Client: Ramsay 1 of 8 October
Website: Techno News
Title: MacGyver in robot form
Keywords: Popular science/ science news/ sci tech news/ mechanics
Remember MacGyver, the incredible secret agent who utilised normal household items in unbelievable and intelligent ways? Imagine if we could somehow fuse his brain with a robot’s body – instilling these vital skills and thereby allowing the robot to cleverly interact with its environment.
One of the major problems with today’s most advanced robots is that they cannot utilise their surroundings in the same sophisticated way a human would do. For example, if a robot was trapped within a burning room, it wouldn’t be able to cunningly employ the objects around it to assist in its escape. This is all about to change however – the latest sci-tech news is buzzing about the innovative ‘MacGyver robot’ which takes intelligence to the next level.
Professor Mike Stilman at the Georgia Institute of Technology is leading the research team that aims to devise a way to enable robots to intelligently utilise their surrounding objects to fulfil high-level tasks. Funded by a three-year $900,000 grant from the US Office of Naval Research, the team was inspired by MacGyver’s ingenuity and aims to develop a robot with similar skills.
Stilman believes that the best way to instil these skills is to study the intricate cognitive processing systems that enable humans to innovatively employ tools to our advantage and create algorithms for robots that make them act in the same manner. Imagine a robot advanced enough to use tools – the idea has limitless potential.
The team is advancing research that Stilman has already conducted, that enables robots to utilise computerised vision systems to autonomously identify and then shift obstacles away from their programmed path from A to B. Stilmanhowever, explains that there is a crucial difference between a robot merely moving an object and a robot utilising that object constructively.
Stilman aims to develop a sophisticated robot which can identify arbitrary articles in a room and then establish an object’s mechanical force properties and possible function, allowing it to then transform the object into a simple machine which can be employed to fulfil an action. To do this, the robot will need a basic knowledge of rigid body mechanics and simple machines – enter Stilman’s fellow researchers, Pat Langley and Dongkyu Choi.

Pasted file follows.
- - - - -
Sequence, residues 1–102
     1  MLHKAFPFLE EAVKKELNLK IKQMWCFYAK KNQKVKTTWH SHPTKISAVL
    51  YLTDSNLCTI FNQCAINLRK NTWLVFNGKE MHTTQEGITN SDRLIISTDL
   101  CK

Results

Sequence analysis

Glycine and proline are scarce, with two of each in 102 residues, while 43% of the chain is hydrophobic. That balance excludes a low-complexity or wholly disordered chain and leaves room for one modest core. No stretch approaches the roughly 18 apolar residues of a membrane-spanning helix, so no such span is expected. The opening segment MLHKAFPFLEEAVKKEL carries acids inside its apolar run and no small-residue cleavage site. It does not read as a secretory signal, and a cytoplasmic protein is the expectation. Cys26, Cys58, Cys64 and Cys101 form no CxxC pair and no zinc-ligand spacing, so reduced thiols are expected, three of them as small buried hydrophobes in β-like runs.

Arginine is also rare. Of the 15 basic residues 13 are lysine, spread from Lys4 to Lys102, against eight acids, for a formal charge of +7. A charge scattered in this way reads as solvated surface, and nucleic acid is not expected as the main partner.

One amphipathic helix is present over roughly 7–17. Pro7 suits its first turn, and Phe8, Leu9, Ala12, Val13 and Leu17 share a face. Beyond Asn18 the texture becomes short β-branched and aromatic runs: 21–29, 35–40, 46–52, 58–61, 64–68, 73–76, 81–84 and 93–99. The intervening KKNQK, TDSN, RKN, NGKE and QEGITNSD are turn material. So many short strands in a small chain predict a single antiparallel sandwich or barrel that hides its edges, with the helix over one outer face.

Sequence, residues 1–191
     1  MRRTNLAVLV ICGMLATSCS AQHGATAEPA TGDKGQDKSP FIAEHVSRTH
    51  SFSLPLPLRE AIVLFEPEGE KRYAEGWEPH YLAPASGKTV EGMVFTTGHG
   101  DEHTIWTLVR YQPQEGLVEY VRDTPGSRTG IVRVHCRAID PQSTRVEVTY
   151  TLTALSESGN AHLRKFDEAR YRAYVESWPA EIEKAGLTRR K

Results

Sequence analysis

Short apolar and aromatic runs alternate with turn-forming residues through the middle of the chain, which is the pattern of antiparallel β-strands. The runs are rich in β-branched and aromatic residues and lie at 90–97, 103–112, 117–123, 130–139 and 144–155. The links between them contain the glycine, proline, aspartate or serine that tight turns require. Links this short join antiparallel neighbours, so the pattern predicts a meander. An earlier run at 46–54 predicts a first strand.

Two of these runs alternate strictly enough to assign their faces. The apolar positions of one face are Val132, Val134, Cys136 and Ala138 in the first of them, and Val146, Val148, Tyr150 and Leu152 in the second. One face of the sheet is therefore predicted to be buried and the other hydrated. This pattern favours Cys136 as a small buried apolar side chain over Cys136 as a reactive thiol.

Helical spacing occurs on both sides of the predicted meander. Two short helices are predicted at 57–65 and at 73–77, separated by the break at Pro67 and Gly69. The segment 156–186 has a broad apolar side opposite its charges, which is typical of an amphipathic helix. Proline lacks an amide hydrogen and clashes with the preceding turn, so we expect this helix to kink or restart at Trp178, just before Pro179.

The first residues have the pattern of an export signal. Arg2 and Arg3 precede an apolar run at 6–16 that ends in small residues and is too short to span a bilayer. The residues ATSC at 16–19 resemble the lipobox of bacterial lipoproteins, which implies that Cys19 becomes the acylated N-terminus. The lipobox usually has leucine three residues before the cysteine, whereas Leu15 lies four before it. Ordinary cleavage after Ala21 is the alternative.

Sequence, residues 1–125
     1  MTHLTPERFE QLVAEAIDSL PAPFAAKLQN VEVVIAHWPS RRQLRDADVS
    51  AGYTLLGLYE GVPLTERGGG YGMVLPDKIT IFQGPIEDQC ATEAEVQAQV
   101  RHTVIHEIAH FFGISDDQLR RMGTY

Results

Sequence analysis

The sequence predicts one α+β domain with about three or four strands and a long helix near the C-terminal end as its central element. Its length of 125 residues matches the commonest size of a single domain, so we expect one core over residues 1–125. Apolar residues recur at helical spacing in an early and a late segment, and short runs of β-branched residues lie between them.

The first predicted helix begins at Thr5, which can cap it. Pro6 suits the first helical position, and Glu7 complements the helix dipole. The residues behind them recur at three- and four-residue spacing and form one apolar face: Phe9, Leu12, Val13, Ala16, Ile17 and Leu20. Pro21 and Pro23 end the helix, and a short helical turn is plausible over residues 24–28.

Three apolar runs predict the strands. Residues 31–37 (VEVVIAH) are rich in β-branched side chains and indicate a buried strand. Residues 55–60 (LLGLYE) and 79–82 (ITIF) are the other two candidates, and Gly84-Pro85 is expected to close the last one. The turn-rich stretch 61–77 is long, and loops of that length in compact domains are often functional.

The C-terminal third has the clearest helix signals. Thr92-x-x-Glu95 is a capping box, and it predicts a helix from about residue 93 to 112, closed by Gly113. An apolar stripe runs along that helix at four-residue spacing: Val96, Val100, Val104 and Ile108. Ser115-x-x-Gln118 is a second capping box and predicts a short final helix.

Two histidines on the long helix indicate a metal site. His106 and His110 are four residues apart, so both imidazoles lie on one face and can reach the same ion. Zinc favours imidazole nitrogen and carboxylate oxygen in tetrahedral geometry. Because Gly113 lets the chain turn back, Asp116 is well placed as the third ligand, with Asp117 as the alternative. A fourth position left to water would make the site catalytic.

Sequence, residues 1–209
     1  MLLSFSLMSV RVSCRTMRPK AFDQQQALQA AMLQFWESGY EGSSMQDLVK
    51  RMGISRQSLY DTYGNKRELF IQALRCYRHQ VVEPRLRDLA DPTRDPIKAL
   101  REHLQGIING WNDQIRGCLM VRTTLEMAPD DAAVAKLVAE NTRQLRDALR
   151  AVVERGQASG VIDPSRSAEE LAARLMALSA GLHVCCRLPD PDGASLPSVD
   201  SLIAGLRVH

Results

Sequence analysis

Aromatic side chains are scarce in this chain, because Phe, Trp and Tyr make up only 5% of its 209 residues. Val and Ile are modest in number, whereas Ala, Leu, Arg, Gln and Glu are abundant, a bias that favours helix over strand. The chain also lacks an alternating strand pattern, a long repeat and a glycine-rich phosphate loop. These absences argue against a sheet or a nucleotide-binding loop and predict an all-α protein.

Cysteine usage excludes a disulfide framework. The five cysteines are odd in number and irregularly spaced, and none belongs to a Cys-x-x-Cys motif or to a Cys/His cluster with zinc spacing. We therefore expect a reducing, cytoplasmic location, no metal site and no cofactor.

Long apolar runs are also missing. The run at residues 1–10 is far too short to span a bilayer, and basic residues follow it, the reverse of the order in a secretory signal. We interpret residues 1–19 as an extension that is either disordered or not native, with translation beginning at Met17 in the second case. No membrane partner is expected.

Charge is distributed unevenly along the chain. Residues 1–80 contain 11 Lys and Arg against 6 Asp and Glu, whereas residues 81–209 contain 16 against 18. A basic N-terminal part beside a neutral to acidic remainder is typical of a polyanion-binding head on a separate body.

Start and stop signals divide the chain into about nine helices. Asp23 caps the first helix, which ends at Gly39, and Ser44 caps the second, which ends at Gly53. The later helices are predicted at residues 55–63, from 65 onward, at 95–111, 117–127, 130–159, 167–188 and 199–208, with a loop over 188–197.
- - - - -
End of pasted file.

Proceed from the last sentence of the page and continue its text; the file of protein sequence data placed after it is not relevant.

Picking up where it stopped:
ICARUS is Langley and Choi’s cognitive architecture system, which provides an infrastructure for modelling an assortment of human abilities, such as perception, performance, inference and learning in robots. Stilman believes that ‘a hybrid reasoning system that embeds physics-based algorithms within a cognitive architecture will create a more general, efficient and structured control system for our robot, which will accrue more benefits than simply using one approach.’
Once the hybrid reasoning system is constructed utilising computer stimulations, it will be tested on Golem Krang – Stilman’s humanoid robot, designed to study planning and control.
There’s been a number of exciting scientific advancements made recently – from Curiosity landing on Mars to visible dark matter.Popular science has long been advocating for complex robots that are able to act in a way similar to humans, utilising rational processing systems. The MacGyver robot is a huge step forward and will be a tremendous asset to the Navy, as well as other industries.